Rahul Gandhi: Won’t step aside
Congress leader Rahul Gandhi has said it was difficult to believe the results of the 2019 parliamentary elections in states like Chhattisgarh and Rajasthan, in spite of massive polarisation caused by the surgical strikes in Pakistan and media domination in favour of the BJP.
Asked what transformed the political landscape suddenly when the narrative was in favour of the Congress after victories in three states — Madhya Pradesh, Rajasthan and Chhattisgarh — Rahul said in a conversation with Brown University professors and students on Tuesday: “Our Chhattisgarh party, and I agree with them for sure, simply cannot explain how we go from a two-thirds majority to two seats. Can’t explain. Very hard to believe something like that happened.”
He went on: “Similarly in Rajasthan, after a solid fight, suddenly we get zero seats. It is surprising to me. It is not easy to believe. Now there are a couple of arguments people make. I can see some of those — massive polarisation in north India. But it doesn’t take me to two seats in Chhattisgarh. Media domination, financial domination. It is there. Money spent, the ratio is 1:10. On media, Narendra Modi is 24x7. Institutional support, massive concentration of financial and political power sitting behind this machine.”
While Rahul has talked about institutional capture and media domination in the past, he has for the first time argued that the results were still unacceptable in some states. Although he did not refer to his suspicions about electronic voting machine (EVM) on Tuesday, he has said in the past that he is not convinced about their safety and had even asked why the Election Commission of India didn’t allow political parties and experts to check the machines.
Rahul once again expressed helplessness about the absence of institutional support and argued that it was a fantasy to think that democracy could work without independent institutions.
“Modern India is an ongoing negotiation. Independent institutions guarantee that negotiation. A determined attack on these institutions is going on. I represent a part of that negotiation as other political parties do. But we are not given room for negotiation. As a political player, I need that institutional support,” the Congress MP said.
While Rahul’s repeated arguments on these lines have generated appreciation as political observers and Opposition leaders agree with his assessment, many resent his show of helplessness, asserting that concrete political responses and strategies are required instead of theoretical lament.Rahul offered an interpretation of Mahatma Gandhi’s role in the freedom struggle and nation-building and also emphasised the role of politics in the mediation between identities and cultures. He described Mahatma Gandhi as the master negotiator who didn’t have a vested interest.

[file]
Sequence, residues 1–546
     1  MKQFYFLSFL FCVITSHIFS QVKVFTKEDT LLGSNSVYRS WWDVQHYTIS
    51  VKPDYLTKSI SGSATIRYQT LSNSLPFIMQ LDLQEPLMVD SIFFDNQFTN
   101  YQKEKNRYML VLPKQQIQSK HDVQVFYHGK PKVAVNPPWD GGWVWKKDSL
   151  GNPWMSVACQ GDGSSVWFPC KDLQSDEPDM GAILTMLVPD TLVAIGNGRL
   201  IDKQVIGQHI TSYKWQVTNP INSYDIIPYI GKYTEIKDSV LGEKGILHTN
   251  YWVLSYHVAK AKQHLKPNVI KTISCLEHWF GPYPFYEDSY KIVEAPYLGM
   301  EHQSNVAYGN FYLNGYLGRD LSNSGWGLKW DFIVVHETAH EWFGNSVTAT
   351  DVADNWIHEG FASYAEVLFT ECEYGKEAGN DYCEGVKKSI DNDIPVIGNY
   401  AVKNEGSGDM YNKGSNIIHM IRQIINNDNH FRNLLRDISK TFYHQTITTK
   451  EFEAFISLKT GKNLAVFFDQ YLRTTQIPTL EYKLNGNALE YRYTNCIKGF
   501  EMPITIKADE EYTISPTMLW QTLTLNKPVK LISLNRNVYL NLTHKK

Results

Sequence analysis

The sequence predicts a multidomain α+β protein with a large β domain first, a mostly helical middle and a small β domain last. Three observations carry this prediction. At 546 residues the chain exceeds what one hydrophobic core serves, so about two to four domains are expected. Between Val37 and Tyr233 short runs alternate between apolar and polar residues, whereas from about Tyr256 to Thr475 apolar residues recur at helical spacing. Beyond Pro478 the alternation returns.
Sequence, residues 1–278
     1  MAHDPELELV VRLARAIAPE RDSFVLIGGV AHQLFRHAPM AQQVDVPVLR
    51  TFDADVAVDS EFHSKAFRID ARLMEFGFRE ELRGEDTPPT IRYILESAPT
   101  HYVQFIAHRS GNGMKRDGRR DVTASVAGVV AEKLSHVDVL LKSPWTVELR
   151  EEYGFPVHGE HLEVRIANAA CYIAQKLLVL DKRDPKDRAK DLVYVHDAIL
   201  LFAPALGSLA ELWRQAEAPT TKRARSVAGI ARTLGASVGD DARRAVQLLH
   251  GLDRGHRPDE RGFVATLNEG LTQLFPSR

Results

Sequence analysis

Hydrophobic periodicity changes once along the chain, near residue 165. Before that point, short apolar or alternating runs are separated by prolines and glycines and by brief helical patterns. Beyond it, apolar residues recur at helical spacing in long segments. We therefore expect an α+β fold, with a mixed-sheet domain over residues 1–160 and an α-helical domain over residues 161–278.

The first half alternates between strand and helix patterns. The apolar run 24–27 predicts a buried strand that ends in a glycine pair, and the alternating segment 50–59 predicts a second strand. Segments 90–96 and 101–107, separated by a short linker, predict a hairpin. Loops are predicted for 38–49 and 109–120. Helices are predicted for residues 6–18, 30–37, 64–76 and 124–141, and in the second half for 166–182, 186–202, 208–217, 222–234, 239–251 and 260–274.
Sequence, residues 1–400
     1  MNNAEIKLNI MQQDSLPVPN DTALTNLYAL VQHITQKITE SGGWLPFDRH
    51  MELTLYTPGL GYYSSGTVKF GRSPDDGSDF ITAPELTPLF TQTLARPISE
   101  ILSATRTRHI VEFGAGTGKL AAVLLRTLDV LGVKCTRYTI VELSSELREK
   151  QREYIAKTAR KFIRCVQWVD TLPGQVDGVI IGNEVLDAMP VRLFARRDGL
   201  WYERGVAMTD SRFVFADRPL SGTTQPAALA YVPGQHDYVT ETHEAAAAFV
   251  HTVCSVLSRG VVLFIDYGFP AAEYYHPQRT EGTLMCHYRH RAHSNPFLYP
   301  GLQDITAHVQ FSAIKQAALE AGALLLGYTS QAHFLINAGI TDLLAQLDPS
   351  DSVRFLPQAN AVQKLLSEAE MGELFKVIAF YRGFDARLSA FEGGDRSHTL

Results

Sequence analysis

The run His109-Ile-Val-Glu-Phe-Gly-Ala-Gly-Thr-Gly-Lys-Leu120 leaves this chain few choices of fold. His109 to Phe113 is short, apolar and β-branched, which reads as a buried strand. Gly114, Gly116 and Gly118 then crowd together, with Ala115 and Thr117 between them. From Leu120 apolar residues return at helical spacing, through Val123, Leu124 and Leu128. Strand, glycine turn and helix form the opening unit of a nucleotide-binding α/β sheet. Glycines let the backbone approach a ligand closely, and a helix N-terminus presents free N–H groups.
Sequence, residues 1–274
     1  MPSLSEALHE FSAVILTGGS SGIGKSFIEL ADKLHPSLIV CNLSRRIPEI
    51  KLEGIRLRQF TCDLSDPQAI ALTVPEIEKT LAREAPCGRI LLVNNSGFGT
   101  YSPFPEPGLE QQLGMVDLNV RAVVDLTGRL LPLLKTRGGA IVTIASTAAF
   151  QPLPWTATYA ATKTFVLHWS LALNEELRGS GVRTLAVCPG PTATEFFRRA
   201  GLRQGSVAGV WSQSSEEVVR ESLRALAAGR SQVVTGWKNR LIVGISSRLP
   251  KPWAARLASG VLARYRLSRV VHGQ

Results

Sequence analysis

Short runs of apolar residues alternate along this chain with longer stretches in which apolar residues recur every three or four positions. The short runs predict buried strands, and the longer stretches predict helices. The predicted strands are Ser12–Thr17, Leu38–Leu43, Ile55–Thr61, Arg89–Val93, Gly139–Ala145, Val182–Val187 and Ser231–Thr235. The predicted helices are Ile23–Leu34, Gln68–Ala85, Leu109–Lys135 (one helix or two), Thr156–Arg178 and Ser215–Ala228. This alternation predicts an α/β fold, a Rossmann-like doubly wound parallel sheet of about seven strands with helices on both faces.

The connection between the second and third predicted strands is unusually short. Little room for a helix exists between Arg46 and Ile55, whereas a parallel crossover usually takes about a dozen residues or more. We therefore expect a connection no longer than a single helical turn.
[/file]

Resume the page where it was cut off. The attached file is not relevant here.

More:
His argument that Gandhi had deployed his “shunyata” in negotiations to achieve results attracted ridicule on social media. “Gandhi, despite being in the middle of negotiation, didn’t have a game of his own. It was as if he didn’t exist,” Rahul had said, meaning that without Gandhi’s detached neutrality, negotiation wouldn’t have been possible in a diverse and complex country like India.
Asked about Gandhi giving up power, Rahul said: “If you take the blunt view of power, yes, he gave up. But in a sophisticated view of power, Gandhi didn’t give up his power. He used his power to give India the Constitution.”
Asked about dynastic politics and whether he was willing to step aside for a non-Gandhi to lead the Congress, Rahul said: “Why should I step aside when I am defending an idea? I can’t be told that you can’t defend that idea because you are somebody’s son.”
Told that the issue was about intra-party democracy, not defending an idea, he said he had been roasted for advocating internal elections. He said he was encouraging new leaders and wondered why the question of internal democracy was not asked of other parties, including the BJP.
When Professor Ashutosh Varshney, who anchored the talk, asked him about the downgrading of Indian democracy by two foreign global institutions, Rahul said: “Foreign institutions have their views but we don’t need their stamp. They are much behind the curve. The situation here is much worse. Election is not about simply pushing the button on the EVM. Election is about narrative, debates, institutions. If you control WhatsApp and Facebook, you don’t have to attack the voting system. We have seen Saddam and Gaddafi coming to power.”